The projected value of global mergers and acquisitions is on a significant upswing. In the first half of 2018, M&A deals soared past 2017 numbers from the same period — landing around the $2.5 trillion mark. Yes, staying independent certainly has its benefits, but the rise of M&As means that, at some point, executives in every industry need to ask themselves whether the value of a merger outweighs the value of independence.
M&As have a real impact on their surrounding landscape. For those on the periphery, M&As can force top talent out of the ranks and back into the job market, making them newly available for hire. Those knee-deep in the M&A process, on the other hand, need to learn to successfully navigate the nuances of integrating two potentially disparate companies through a strategic mix of planning and communication, especially if they want to keep their best players on board.
However, just because mergers mean change that doesn’t mean they need to cause permanent disruption for you and your team.
It’s All About Fit
I’ve seen nearly seamless M&A transitions, and I’ve seen deals fraught with issues from the get-go.
When Keurig Green Mountain merged with Dr Pepper Snapple Group last year to create Keurig Dr Pepper, both parties had a positive rollout. Keurig CEO Bob Gamgort and CFO Ozan Dokmecioglu retained their C-suite positions in the newly formed KDP, while Dr Pepper Snapple CEO and President Larry Young took a role with the KDP board of directors to help direct the transition.
Key players on both sides of the aisle found a happy balance, where each still held part of the reins in the merger. The newly formed organization continues to innovate: In July 2019, the company released its first corporate responsibility report, showcasing its ambitious vision for the future.
Unfortunately, the same can’t be said for the high-profile $35 billion Omnicom-Publicis merger that never came to pass. The merger between U.S.-based ad giant Omnicom and France-based Publicis fell through in 2014 due to a clash of corporate cultures. The partnership could have formed the largest ad agency in the world; instead, an inability to find balance amid strong culture-based disagreements caused the deal to fall through.
Nevertheless, many brands find M&As beneficial, especially if they find partners that fuel their momentum. That’s what occurred when Facebook purchased Instagram. At the time, the $1 billion purchase might have seemed unwise — given that Instagram had only 30 million users and didn’t produce any revenue.
It wasn’t exactly a money-making machine yet, but today, Instagram has more than 1 billion users and brings in billions in ad revenue. As it turned out, the merger was a great example of forecasting future value and leveraging two like-minded platforms with complementary customer bases.
Merging the Right Way
If you’re set on remaining flexible and avoiding the pressure to produce for another stakeholder, you may not want to take the M&A route. But know that the benefits of merging with the right partner could surpass the downsides.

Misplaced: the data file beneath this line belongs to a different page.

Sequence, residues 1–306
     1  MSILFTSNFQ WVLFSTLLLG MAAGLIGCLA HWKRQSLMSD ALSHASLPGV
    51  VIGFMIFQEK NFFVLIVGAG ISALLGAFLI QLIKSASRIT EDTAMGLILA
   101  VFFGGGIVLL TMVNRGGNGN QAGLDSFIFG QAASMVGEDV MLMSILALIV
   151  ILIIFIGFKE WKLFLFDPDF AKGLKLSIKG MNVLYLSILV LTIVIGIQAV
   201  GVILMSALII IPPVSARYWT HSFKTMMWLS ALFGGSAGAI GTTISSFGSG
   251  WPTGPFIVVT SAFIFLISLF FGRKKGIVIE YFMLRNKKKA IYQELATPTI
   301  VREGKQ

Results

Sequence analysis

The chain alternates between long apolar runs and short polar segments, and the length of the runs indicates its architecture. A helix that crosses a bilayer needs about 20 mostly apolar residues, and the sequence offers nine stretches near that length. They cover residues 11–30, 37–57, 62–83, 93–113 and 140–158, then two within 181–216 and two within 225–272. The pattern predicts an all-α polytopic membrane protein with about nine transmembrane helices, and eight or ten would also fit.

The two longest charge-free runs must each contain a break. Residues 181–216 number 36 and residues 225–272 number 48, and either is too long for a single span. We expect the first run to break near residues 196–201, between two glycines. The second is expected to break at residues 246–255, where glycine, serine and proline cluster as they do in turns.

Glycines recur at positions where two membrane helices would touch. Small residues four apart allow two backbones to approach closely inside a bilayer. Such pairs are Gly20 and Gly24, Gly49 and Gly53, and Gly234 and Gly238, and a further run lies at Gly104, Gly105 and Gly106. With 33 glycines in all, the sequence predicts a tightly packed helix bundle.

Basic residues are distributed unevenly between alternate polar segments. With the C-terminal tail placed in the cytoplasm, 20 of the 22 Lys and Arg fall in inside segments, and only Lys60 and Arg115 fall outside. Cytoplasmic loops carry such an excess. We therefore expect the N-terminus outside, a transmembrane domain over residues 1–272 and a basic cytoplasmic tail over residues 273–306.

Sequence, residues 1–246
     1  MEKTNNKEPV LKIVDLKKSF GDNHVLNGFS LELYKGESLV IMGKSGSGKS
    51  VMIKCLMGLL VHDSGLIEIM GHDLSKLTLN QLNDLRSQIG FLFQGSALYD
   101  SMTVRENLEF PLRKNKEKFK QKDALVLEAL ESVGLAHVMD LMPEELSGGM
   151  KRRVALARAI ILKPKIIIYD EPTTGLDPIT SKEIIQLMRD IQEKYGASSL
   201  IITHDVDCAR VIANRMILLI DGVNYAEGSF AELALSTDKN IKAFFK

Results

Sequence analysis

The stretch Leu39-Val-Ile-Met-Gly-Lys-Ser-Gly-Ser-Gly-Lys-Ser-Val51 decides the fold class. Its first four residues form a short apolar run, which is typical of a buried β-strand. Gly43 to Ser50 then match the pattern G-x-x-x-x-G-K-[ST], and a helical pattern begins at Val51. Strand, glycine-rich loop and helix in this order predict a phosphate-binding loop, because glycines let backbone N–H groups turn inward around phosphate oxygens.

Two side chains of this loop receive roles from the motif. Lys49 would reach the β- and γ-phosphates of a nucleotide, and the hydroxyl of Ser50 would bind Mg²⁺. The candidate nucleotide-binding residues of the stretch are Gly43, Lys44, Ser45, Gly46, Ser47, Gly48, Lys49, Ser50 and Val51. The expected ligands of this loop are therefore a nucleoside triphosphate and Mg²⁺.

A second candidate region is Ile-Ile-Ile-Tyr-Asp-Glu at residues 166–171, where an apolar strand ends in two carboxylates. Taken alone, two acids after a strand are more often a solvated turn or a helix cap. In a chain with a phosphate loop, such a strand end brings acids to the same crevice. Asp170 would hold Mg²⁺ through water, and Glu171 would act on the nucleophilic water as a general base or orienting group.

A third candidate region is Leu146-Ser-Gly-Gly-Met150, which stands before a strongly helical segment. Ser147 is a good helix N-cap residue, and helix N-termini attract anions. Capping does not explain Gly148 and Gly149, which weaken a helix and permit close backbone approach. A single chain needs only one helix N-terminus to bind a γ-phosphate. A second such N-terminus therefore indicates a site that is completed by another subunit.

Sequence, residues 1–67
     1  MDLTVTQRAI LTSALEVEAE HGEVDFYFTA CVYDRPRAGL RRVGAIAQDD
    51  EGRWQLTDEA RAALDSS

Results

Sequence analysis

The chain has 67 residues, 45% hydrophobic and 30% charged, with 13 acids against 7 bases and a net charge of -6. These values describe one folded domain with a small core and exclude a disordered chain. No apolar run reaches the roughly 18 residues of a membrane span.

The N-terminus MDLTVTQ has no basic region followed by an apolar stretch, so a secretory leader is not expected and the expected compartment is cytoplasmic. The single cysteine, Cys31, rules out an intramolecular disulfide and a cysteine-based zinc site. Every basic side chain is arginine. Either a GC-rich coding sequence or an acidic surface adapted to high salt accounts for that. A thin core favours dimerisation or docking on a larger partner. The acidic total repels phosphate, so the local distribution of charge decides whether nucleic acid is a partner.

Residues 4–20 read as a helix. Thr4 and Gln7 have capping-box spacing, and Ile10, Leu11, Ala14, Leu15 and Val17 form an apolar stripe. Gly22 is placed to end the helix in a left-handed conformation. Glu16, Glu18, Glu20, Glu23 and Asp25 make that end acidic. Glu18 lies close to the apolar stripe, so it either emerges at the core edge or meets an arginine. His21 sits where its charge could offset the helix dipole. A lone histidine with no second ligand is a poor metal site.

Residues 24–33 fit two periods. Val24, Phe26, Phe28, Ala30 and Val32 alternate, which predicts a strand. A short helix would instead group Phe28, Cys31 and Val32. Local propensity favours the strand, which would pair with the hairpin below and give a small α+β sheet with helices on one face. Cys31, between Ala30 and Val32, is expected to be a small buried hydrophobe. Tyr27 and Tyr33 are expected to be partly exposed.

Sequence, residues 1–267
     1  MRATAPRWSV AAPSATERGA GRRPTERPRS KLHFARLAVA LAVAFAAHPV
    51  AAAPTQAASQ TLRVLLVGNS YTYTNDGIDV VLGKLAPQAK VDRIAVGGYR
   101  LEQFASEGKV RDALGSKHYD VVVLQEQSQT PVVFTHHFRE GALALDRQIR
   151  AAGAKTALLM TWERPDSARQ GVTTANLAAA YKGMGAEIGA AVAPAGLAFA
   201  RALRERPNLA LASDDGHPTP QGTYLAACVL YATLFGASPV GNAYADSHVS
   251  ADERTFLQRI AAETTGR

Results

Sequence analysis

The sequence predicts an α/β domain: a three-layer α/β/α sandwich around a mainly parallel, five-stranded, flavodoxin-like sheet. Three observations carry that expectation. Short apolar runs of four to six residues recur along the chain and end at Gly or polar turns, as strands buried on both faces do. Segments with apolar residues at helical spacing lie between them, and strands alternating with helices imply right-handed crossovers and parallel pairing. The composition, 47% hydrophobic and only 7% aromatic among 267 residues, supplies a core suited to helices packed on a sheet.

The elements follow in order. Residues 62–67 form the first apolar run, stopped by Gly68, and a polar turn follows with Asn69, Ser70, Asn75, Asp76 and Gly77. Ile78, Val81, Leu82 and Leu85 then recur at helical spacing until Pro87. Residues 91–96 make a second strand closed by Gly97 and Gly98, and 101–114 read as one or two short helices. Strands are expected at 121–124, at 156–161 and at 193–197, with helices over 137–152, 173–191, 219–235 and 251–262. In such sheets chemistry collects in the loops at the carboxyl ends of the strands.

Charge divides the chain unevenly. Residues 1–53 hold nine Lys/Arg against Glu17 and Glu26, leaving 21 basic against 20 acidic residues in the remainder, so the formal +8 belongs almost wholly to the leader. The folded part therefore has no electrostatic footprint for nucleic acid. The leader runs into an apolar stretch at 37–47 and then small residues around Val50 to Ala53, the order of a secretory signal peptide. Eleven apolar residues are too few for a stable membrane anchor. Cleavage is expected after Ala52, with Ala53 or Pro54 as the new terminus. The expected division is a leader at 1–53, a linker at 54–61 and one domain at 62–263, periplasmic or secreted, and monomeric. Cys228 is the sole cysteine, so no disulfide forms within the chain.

When Sotheby’s International Realty was acquired by Realogy, it grew from $4.2 billion in 2004 to over $112 billion in global sales volume by 2018. Our growth was accelerated by becoming part of something bigger. If you have decided a merger is your best option for growth, there are a few key practices to help you see the most benefit.
- Compare apples to apples. Rather than going down the path of assuming a strategic alignment and customer need, validate that you’re making the right decision and looking for strong partners. During your research, investigate other similarly sized companies that have merged with or acquired a complementary business to see what their experiences have been.
Are there tactics you can adopt for your own business? Hurdles you can anticipate? You’re not the first to undergo an M&A, so take advantage of lessons other companies have had to learn the hard way.
- Consider qualitative factors. Beyond fiscal details, unearth all you can about your potential partner, from hiring practices to cultural norms. A bad culture fit could be just as damaging in a partnership as missed revenue projections, so be sure you and your potential partner align at every level. The Omnicom-Publicis merger uncovered corporate culture and complexity hurdles that kept the deal from going through, illustrating how the success of an M&A depends on qualitative metrics as much as it does financial.
How does the other organization communicate? How transparent is it in its business dealings? Is it focused on changing the future or preserving the past? Does the merger allow your company to do something it couldn’t before? Ensure the strengths and weaknesses of both companies complement each other à la Facebook marrying big-company power with startup agility by acquiring Instagram. Ask yourself whether both sides can contribute and what each party stands to gain.
- Bring your team into the process early. Are you seriously contemplating merging with a company? Have team members sign nondisclosure agreements; then, talk as a group about the M&A possibilities. Share what you’ve learned and explain your rationale.
At this stage, transparency is the name of the game. The more communicative you are upfront, the simpler it will be for everyone to present consistent messaging. Making your team feel involved is critical for stability as you undergo significant changes. A major element of integration preplanning and M&A business continuity is agreeing on decisive mission statements and early communications.
Integrating large groups of people has its challenges. The merging of two companies tends to push all parties outside their comfort zones and disrupts the status quo. But with solid groundwork in place and a clear, aligned vision for the future, a smooth M&A is possible.
Written by Philip A. White.
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